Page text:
One of the constant things I've found myself pondering across college life is the question of "home": how we create it, and where we find it. Over the past week, I've been lending my sunburned body to both friends and family to the familiar game of hauling boxes, hurdling truck-beds, and the highs-and-lows of jamming furniture inside unyielding doorframes. I like offering to help; you get to share in some of the satisfaction that arises from structuring a place where people live.
A few days ago, I made my first trip back to C of I's campus since leaving last year's Baccalaureate ceremony. I had received a couple of e-mails earlier in the week that had encouraged me to stop by Caldwell, and funnily enough, they both involved receiving stuff I had been expecting for a while. With the promise of an old music binder and a new camera waiting for me, I made the half hour trek from Meridian to the college, which happened to be much more quiet since my last visit.
At 10:08 on the morning of August 6th I recieved a text message...which took a not-so-close second to my pillow as I pressed "Ignore" and rolled back into my pillow for another hour or so of sleep on my day off.
Summer means three things to many an American teenager: a summer job, swimming, and snow cones. My summer has all three of those things wrapped in one—I’ve spent part of my time working at Borah Pool, a public swimming pool that just happens to have an adjacent snow cone shack.
So my first summer in Idaho is progressing and is sadly almost over for me. Soon soccer will start and I will be doing 2 a day sessions in the Caldwell heat as we prepare for this year’s season of Women's Soccer. However before I am tied down in one place, I have been lucky to do some more exploring of this lovely state.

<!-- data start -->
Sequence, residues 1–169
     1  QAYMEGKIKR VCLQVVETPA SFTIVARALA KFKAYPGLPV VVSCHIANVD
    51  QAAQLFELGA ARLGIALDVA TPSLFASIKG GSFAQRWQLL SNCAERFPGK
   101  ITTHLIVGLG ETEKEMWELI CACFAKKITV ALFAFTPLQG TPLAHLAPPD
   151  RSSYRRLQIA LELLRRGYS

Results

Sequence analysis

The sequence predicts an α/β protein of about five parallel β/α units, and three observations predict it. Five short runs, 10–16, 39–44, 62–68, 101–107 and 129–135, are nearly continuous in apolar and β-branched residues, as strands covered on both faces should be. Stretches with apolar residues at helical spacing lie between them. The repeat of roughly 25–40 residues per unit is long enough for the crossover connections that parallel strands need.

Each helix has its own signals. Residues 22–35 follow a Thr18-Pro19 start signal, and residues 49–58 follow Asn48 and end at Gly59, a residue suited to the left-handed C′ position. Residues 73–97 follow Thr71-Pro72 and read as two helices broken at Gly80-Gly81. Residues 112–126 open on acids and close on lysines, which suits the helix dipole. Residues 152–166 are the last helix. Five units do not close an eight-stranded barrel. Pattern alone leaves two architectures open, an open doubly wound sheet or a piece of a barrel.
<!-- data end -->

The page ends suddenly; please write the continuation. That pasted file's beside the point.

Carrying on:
I’ve dropped off my carload of people, and having washed the Deschutes water out of my hair and the Central Oregon dust off of my feet, I’m officially home from my rafting trip. There were 9 of us, plus one of my favorite teachers from my freshman year and his dad as our guides on a two day trip: one day of rafting, one day of swimming and cliff jumping.
One of the things that I’m quickly coming to appreciate is a well-told story. In the hands or the right person, the most mundane instances can be transformed into something worth listening to. I spent Monday night at an event dedicated to story telling, Story Story Night.
Like I mentioned back in my first post, I've been spending the majority of my summer working at Marshalls. If you've never had the pleasure of dropping in, think of it as a kind of classier mix between Ross and Savers. We've got clothes, we've got cookware, we've got a little of everything--all for 20%-60% off, all day, every day. It's a pretty sweet deal if you're looking for quality merchandise without having to sell a kidney or a lung, especially if you're in the market for some new shoes.
So recently I have developed a new hobby. It is surprising what 3 months of no school will do to you. I am all for weeding my garden and taking care of chickens, but that isn't enough to keep me occupied. I started off with frolf, and also started taking panoramic photographs, some of which have been posted on this blog before. (I think a hobby is necessary because it helps keep your mind fresh, and ready for such stuff as work.) Recently I started doing two more things. I picked up Go, which is an old Asian board game. I like to think of it as chess, but on amphetamines.